It’s officially been one week since Thanksgiving, the All-American holiday that sometimes gets overshadowed and under commercialized by it’s not so distant cousin, Black Friday. The annual holiday is overflowing with marketing opportunities that often get missed out on, so we’ve put together a list of our favorite Thanksgiving ads of all time.
Stove Top is one of those brands that is definitely recognized for Thanksgiving. Every year they come up with a creative ad campaign and 2015 they wanted to expand beyond the holiday season. Most people love stuffing, but for some reason people only eat it one day a year, Thanksgiving. Stove Top wanted stuffing to be enjoyed far past the season between Thanksgiving and Christmas – “stuffing season”, so they introduced the “Artisanal Hipster Pilgrim” in a witty ad campaign that expanded over Youtube, Facebook and Instagram, which ultimately helped people realize that Stove Top is available all year long.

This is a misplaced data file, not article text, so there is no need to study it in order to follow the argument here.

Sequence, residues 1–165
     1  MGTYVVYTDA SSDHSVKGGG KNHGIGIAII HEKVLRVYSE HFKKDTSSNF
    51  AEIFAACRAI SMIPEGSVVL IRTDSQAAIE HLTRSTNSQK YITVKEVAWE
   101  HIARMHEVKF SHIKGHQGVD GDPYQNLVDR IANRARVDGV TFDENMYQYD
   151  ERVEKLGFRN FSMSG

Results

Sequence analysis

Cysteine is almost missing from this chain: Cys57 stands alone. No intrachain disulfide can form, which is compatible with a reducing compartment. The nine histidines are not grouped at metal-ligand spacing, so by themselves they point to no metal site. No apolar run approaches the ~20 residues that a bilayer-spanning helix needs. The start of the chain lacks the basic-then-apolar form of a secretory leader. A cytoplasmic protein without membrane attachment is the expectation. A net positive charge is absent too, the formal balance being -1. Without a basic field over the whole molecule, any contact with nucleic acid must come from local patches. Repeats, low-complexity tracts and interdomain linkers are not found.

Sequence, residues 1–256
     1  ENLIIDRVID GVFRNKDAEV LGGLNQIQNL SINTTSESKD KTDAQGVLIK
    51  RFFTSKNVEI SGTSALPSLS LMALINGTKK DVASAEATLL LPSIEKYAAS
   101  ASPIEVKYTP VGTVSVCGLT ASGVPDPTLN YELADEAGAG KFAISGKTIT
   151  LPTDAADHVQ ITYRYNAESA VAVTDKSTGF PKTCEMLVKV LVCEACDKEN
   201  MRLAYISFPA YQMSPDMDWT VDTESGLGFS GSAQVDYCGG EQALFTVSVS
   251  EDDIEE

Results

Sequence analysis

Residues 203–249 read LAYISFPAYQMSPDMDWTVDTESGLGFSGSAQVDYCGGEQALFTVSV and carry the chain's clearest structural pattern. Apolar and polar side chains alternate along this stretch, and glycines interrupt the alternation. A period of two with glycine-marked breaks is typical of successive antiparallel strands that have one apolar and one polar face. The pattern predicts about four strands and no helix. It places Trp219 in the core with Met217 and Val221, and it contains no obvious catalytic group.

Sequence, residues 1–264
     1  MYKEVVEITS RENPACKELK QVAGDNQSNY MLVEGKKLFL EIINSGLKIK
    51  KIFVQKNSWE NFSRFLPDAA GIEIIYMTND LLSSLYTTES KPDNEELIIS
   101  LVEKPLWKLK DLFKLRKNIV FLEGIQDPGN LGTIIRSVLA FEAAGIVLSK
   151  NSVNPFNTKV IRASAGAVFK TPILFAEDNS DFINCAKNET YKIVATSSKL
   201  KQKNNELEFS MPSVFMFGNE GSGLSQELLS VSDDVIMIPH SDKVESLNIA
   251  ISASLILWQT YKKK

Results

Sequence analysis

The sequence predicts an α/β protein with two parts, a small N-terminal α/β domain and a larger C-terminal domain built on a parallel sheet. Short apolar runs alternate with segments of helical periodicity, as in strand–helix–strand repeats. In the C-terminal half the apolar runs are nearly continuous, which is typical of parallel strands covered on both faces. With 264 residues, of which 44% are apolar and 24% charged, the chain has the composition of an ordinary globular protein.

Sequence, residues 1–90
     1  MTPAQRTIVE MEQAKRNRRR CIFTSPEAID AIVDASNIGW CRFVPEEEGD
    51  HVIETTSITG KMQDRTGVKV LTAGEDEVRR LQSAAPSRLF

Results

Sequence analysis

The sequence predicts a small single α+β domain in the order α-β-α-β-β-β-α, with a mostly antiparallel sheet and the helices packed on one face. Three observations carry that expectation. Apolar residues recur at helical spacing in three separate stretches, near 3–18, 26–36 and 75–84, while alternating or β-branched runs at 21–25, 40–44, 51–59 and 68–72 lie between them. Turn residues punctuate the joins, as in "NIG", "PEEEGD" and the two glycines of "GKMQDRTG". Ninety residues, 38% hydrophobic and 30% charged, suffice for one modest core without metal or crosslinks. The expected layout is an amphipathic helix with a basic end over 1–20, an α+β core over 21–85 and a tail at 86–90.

Thanksgiving is also known as one of the busiest shopping seasons of the year as everyone starts purchasing gifts for Christmas. For some who actually work in the retail business, it can mean more hours and time away from their family during the holidays. A company named REI started the #OptOutside campaign. The campaign announced that the company will close its offices and stores all over the country during the Thanksgiving holiday, to pay its employees to go outside to spend time with families, and explore the great outdoors together. This decision to close the company doors during the biggest holiday rush was a risk, but the unthinkable approach worked. It gained long term brand awareness and sent an authentic message that resonated with people.
Publix is another favorite of ours that always promotes family and togetherness. Their slogan that they released in 2016 was one of our favorites, “To the overcooked, the overfed, the overtime…” Thanksgiving togetherness is the thread that binds each of these ordinary moments (family arriving at your door, naps in front of the TV, etc.) together. Their parting message? “Here’s to the day that may not be flawless, but it’s always perfect.” Simple but very fitting.